I’m voting for “Tires, balance & alignment”, but if other stuff is needed; it will get done too.

    That 3/32 difference over about 2 inches is, I think, pretty definitive for a “tire problem”…

  32. E.M.Smith says:


    Just hitting Craig’s List the top posting was 4 rims w/ tires (1/2 tread) for $200.

    That’s without any further looking at all, BTW. So a pretty easy find.

    I think 4 rims with tires for the price of one new rim (that looked lousy IMHO, lots of spindly spiky aluminum “decorative” in the spokes…) would be fine with me. Even if the tires were junk. (And yes, I’d look for rim rash and or bent lips and other indications of a BUNG! in their past…)

    But that’s for a couple of weeks from now. Since LOTS of folks buy aftermarket “show” rims and dump their stock rims, I figure a lot will be floating around.

  33. E.M.Smith says:

    Ah, good news! The trailer tires are speed rating “L” (that I’d never seen before) and good for 75 MPH. Nice to see that! And radials, not bias ply.

    Ridgeway Sport ST: ST205/75 R 15 6PR/101 – 97L LH001 Load Rating C
    Single 1820 lbs
    Dual 1810 lbs
    @50 PSI.

    I think that 6PR is 6 Ply Radial. Then the 97L ought to be speed rating L. I think.

    So 3640 per axle
    and 7280 per set of 2 axles. Trailer rated to 7000 lbs, so 280 margin on the tires.

    So, OK, the trailer tires are keepers. I’m not interested in towing a trailer over 75 MPH and not going to load it 280 lbs over the trailer rated capacity anyway.

    OK, I think the tires are “sorted” ;-) New shoes for the Expedition, the trailer is OK as is.

  34. Josh from Sedona says:

    Steel rims are a lot more forgiving off-road, catch a rock just right you can take a chip out of an aluminum rim lip, you’ll just bend a steel one and you can bang a steal one back in shape with that sledgehammer ,aluminum not so much

  35. Ossqss says:

    Nice find EM. Looks like one of the tires is fairly new of the 3 different type tires there.

  36. E.M.Smith says:

    Well, the surprises keep on coming… but none of them too bad.

    I lowered the trailer to level after measuring to the hitch frame. It’s about a 4 inch drop to level (within maybe 1/2 inch given grass variation issues…).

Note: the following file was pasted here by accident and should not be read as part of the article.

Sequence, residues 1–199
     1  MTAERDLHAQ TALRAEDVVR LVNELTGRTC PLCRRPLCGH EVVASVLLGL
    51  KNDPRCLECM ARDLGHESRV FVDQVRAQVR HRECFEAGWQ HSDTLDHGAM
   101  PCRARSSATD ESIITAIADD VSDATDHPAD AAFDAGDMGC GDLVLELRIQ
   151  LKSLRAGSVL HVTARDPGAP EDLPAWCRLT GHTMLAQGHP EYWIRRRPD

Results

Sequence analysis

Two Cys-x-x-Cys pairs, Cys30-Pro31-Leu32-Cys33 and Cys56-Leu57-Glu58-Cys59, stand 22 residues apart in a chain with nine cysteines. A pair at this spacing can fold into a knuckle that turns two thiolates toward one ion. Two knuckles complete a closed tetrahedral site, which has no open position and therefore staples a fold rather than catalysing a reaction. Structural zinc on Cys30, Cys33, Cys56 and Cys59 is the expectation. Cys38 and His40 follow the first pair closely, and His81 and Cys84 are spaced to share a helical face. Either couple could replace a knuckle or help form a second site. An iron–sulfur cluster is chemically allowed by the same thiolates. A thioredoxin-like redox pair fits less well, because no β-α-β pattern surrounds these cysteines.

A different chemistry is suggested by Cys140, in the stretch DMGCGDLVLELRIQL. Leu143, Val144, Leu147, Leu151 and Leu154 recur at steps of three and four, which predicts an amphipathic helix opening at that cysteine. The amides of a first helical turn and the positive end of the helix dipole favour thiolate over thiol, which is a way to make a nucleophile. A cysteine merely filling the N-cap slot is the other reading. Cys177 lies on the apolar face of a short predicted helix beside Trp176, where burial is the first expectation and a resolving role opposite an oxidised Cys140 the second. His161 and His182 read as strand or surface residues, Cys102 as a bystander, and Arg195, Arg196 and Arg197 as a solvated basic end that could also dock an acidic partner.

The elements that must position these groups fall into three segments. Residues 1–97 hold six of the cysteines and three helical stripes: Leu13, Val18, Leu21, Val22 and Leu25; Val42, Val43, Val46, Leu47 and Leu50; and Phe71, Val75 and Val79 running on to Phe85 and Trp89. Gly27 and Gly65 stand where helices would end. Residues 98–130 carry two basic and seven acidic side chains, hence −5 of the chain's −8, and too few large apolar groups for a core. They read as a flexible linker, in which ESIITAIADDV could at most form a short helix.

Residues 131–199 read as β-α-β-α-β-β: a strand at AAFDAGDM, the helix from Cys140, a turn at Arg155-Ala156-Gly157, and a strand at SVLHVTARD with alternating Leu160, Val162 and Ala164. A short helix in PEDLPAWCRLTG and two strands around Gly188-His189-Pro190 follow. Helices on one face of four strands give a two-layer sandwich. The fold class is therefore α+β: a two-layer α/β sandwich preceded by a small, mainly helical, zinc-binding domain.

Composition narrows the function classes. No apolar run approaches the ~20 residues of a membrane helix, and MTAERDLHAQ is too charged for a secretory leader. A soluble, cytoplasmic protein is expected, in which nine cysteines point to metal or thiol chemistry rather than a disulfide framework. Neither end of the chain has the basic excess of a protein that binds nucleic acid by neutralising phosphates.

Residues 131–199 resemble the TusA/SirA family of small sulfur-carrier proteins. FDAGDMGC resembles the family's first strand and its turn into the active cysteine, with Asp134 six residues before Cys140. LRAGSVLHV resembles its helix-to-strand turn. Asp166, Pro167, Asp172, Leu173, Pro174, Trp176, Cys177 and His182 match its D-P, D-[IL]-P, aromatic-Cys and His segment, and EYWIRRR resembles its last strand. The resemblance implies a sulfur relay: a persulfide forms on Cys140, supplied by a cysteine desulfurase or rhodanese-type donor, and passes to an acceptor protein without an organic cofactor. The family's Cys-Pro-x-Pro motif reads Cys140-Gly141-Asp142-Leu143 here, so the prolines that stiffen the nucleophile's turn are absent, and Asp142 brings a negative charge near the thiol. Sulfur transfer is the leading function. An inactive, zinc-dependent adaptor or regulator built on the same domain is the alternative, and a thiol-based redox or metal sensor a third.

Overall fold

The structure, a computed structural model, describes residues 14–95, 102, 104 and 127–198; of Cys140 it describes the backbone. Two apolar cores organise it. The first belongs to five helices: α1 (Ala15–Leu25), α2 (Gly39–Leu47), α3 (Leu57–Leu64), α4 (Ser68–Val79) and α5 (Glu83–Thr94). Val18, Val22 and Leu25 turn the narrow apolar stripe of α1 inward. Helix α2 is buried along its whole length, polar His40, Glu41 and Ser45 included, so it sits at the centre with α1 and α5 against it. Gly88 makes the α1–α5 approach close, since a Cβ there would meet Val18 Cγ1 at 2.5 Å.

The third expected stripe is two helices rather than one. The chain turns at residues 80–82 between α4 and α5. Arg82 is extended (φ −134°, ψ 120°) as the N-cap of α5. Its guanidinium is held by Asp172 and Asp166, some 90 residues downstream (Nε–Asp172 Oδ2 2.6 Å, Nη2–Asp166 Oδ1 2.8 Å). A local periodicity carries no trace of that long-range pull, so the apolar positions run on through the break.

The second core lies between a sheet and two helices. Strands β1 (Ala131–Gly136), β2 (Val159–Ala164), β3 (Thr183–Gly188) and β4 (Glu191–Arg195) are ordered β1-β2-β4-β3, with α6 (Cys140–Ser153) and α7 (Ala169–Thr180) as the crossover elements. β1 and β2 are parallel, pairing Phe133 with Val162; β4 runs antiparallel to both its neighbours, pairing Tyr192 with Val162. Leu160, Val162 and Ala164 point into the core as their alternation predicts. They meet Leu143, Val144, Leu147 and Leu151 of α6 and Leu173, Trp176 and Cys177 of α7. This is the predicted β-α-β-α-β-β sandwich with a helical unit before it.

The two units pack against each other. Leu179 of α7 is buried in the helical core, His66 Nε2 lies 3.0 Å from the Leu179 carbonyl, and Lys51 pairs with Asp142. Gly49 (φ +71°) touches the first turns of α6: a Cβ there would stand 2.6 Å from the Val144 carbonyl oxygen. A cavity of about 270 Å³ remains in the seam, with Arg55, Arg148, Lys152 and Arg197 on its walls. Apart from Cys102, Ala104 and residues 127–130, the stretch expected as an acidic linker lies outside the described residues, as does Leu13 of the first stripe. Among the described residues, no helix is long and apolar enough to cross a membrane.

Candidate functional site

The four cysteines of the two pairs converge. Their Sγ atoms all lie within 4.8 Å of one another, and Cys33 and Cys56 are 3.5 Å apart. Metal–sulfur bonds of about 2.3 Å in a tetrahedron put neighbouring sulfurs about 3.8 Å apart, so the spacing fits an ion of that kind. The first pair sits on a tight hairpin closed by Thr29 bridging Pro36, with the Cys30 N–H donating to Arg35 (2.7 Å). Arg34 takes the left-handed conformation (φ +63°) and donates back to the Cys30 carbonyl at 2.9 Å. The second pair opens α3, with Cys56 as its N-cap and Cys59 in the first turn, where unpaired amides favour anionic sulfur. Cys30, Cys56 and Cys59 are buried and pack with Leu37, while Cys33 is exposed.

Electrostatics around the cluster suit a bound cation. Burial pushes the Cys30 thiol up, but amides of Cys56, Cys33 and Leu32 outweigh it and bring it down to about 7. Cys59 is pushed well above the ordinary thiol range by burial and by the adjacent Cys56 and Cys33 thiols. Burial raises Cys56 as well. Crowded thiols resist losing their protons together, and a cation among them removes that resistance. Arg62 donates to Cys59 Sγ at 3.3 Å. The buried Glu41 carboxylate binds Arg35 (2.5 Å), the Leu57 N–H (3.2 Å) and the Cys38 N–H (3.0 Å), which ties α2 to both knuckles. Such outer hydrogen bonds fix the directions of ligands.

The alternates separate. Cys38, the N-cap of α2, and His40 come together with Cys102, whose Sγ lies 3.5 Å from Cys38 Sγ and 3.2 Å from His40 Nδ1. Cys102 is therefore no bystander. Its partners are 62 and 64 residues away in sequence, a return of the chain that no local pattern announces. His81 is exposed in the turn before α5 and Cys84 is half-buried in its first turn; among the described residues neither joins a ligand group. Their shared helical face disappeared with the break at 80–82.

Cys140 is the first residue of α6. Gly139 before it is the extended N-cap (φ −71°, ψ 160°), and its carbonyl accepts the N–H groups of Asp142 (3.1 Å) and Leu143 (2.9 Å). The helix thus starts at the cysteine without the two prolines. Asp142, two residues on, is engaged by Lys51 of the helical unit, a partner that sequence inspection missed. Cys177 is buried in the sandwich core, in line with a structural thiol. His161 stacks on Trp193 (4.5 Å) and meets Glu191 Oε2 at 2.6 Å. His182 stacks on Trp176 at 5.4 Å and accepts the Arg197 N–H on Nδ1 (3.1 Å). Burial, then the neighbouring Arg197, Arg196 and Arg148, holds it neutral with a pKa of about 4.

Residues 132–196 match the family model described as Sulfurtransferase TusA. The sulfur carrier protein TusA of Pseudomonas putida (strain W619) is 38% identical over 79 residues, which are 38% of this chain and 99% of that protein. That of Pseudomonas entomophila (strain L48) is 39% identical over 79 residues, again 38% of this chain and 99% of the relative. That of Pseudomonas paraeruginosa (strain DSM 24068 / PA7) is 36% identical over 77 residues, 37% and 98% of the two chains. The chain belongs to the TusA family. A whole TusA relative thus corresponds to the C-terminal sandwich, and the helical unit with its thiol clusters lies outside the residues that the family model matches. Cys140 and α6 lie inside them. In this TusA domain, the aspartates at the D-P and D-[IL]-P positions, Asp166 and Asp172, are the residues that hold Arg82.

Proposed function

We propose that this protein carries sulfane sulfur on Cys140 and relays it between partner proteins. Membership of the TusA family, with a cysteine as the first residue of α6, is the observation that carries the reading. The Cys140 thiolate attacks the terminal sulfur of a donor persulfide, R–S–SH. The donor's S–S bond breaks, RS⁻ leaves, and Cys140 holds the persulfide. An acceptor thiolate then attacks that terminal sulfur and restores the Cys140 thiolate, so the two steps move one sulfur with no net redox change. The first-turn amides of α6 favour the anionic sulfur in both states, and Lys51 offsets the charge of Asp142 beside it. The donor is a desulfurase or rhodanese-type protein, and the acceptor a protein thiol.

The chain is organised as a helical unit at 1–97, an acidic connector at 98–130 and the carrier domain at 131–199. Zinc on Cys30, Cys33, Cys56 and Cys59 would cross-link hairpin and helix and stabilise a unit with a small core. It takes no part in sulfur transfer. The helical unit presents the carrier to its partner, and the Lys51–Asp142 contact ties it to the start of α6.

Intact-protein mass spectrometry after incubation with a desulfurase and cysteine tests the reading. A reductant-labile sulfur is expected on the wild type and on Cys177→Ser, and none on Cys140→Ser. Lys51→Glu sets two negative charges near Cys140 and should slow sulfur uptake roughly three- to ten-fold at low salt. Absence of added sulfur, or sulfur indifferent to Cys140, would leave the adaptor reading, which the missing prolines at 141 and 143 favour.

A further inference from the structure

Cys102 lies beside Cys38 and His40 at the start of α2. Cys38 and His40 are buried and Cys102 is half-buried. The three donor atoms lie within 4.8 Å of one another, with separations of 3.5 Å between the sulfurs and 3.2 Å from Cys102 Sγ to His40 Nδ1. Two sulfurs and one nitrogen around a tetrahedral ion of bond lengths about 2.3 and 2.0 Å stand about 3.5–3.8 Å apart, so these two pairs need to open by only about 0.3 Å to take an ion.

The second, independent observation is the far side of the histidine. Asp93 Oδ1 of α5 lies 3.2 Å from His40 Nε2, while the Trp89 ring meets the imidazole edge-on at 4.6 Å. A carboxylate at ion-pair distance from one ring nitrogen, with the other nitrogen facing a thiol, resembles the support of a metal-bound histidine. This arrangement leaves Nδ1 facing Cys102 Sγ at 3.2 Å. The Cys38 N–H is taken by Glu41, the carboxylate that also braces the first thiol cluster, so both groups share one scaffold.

Visiting Tractor Supply, ACE, Lowe’s & Home Depot:

    LOTS of 5000 lb 2″ receiver, 2″ to 4″ drop bars. 7000+ not so much, they were ALL 2 1/2″ receiver IIRC…
    Except one 7500# CURT 2″ receiver at ACE… that was a 2 inch drop. Sigh.

    So, OK. I have time to order from Amazon or eTrailer or some such.

    Next up, went to get a key duplicated. Turns out that despite not having a “clicker”, the key has a “chip”… Neither Lowe’s ($75), nor Home Depot (didn’t ask) had the blank. ACE had the blank ($99) but said they needed the car there to program it. So no key for me today…

    FWIW, I don’t like to drive cross country without a spare key…

    So a couple of steps forward (in terms of knowing what will not work) and closer to “what to get to make it work”…

  37. Paul Maeder says:

    E.M., I’m guessing that since you found out that your key has a chip, you now realize you do have an anti-theft lockout system. In case you haven’t, here’s a Wiki link:

    I found out the hard way that my 2004 Ford Ranger has that system. Went bad while I was at the local dump with a full load of trash in the back.

  38. catweazle666 says:

    When fitting tyres on used steel rims, instead of using the customary soapy water I found it advantageous to apply a coat of paint on the rim where the tyre seats before inflation.
    Not only does it preclude the common tendency for minor irregularities to lead to slight leakage, it also prevents the the rim rusting onto the bead, thus making bead breaking less of a pain when the tyre needs to come off again, there may be slight adhesion due to the paint but not close to that caused by a rusty rim.

  39. Terry Jackson says:

    The trailer needs to be level, perhaps a bit nose down, and Never nose high. Try an RV dealer for the 2 inch drawbar with the right drop, or a trailer shop, and have them install the correct ball. They will have the right tools.

    Loading the trailer, you likely have a 3500lb capacity tongue jack.. Do Not overload the front of the trailer to exceed the capacity of the jack. 7,000lb trainer should ne around 2,000lb tongue weight, or less. Pay attention to the angles at the rear of the truck, headlights pointing to the sky will make driving a challenge. Have a great trip.

  40. H.R. says:

    Yeah, go ahead and get an offroad set of tires for the beach, E.M. ;o)

  41. jim2 says:

    The NWS is calling for an epic snow storm out west and to the north.

  42. Ed Forbes says:

    I will NEVER go with light weight alloy rims anymore.
    I purchased a car with alloy rims and was being towed within 3 hrs of driving off the lot.